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By Bob Valen 

We all know how to spell HEAT

Weather Watcher

 


First, let’s do a recap of temperatures and precipitation for July. I recorded four days with a high in excess of 100°F. July 2, 3, 4, and 31 were all above 100°F. The high for the month was on the 3rd at 104.1°F. Our low of the month was on the 26th at 52.3°F. My data shows that just about half the month of July was 90°F or above. The home weather station recorded a mean of 78.1°F which was 5.1° above the all-time mean for the month, at 73.0°F. No records broken for July, as the all-time high was in 1939 at 113°F. Precipitation for July was zero, matching 1943’s same lack of precipitation.

As we roll into August, it appears we are seeing the same trend in heat, although precipitation may be another situation for our location. The National Oceanic and Atmospheric Administration (NOAA) Climate Prediction Center (CPC) shows the next few months as above-normal temperatures for our region and above-normal precipitation — yes, above-normal precipitation. The Washington State Climatologist’s Office recently commented on the statewide drought with this statement: “The US Drought Monitor has indicated a worsening of the drought in Washington State over the last several weeks, largely due to short-term precipitation deficits and record-low streamflows. The entire state is classified as being in ‘severe drought’ by the monitor, and ‘extreme drought’ has been introduced to parts of the Olympic Peninsula, the east slopes of the Cascades, and the counties bordering Idaho.”

There has been a good amount of discussion about the current El Niño that is brewing in the eastern equatorial waters of the Pacific Ocean. I’ve addressed El Niño and La Niña in this column in the past, so I won’t go into a lot of detail about these climatological occurrences, except to say they affect global weather. Here’s the latest statement from the state climatologist: “El Niño is present, and sea surface temperature anomalies in the eastern equatorial Pacific are more than 2°C warmer than normal, according to the Climate Prediction Center (CPC). Averaged over the last four weeks, sea surface temperatures (SSTs) were above normal throughout the entire equatorial Pacific. The ‘El Niño Advisory’ released on 5 March is still in effect. There is about a 95% chance that El Niño conditions will continue through next winter (2015-16).” So, depending on the “severity” of this current El Niño, we could see a warmer-than-average winter with less-than-normal precipitation.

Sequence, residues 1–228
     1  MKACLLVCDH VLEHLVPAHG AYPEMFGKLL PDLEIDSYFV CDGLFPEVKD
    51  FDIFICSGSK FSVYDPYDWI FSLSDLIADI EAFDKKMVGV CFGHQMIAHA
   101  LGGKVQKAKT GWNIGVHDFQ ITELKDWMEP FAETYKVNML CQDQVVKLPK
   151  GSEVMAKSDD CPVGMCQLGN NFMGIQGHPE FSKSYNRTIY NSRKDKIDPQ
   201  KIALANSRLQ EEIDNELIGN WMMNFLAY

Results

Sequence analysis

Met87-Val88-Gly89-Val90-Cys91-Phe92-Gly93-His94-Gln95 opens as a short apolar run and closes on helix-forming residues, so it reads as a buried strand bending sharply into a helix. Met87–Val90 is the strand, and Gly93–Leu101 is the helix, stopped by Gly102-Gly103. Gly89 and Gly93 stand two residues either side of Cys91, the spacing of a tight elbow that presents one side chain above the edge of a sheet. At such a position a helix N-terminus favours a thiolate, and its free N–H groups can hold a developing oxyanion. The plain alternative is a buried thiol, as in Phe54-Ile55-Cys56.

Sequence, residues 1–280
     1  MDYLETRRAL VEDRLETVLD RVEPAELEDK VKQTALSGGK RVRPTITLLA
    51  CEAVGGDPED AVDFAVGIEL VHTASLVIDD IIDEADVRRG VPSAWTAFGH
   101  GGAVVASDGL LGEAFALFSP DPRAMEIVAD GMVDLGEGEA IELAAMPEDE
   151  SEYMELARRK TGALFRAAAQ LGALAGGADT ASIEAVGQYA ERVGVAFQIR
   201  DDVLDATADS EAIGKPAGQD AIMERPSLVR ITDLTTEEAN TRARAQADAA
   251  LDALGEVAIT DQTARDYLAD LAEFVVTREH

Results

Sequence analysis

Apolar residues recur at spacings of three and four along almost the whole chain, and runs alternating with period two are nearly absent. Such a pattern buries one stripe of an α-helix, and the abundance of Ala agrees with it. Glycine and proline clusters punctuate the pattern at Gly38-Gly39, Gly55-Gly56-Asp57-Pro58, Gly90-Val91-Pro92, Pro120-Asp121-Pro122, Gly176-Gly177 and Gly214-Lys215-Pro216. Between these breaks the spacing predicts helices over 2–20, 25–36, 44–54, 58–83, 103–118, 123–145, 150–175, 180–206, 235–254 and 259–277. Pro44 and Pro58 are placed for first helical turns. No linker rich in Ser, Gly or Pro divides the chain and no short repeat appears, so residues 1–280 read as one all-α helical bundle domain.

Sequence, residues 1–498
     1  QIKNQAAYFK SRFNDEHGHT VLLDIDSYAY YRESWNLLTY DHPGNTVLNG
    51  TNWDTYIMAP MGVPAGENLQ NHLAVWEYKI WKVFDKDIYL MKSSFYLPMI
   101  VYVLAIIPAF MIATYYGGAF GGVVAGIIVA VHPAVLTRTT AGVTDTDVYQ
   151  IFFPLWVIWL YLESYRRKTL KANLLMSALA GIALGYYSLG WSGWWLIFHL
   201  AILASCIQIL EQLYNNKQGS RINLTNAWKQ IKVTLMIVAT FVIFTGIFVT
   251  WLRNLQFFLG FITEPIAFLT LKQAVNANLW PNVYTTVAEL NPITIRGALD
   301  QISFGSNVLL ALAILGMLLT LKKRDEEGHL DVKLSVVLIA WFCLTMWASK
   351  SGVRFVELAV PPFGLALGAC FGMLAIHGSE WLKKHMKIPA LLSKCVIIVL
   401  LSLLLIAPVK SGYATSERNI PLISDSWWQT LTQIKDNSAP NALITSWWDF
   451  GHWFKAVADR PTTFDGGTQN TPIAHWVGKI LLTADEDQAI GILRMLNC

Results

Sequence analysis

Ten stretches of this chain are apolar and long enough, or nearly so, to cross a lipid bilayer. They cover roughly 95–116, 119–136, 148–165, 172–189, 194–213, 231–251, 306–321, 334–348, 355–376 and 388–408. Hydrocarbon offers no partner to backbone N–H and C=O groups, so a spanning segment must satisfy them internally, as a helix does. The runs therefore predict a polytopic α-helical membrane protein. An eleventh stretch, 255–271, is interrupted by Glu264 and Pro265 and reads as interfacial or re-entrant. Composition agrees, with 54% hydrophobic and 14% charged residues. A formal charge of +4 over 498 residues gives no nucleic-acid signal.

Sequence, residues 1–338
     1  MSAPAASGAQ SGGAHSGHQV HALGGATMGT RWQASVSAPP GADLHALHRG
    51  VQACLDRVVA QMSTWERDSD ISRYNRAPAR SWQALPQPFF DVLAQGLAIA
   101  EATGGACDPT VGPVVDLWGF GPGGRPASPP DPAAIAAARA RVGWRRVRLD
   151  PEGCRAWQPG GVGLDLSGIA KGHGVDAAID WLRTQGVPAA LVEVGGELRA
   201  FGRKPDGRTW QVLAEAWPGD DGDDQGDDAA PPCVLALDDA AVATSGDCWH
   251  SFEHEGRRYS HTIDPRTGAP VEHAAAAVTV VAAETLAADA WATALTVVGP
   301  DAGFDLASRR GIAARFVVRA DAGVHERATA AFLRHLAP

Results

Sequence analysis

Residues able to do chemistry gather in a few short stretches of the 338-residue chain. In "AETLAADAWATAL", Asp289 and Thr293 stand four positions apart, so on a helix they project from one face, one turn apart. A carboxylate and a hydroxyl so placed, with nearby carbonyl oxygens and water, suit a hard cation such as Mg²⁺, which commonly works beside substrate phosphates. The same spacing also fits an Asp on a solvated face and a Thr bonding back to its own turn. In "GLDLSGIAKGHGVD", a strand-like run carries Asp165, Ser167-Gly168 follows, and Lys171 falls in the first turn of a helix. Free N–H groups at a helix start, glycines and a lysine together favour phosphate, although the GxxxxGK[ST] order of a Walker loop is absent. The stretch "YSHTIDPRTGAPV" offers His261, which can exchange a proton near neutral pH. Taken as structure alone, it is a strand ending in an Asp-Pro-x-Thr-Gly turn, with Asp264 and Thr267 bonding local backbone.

This past week I joined others attending some night sky programs that were conducted by the National Park Service folks from Lake Roosevelt National Recreation Area. We saw Saturn and its ring as well as one of its moons. The constellations were shining in all their glory too. We watched the International Space Station fly over a couple of times during each session (love those smartphone apps!). The remainder of this month we will see what is being touted as a really go¥od Perseids meteor shower that will peak on August 13. A full moon will occur on the 29th. We talked about starting a local astronomy club or sky watchers club. If you are interested, contact me through The Star newspaper.

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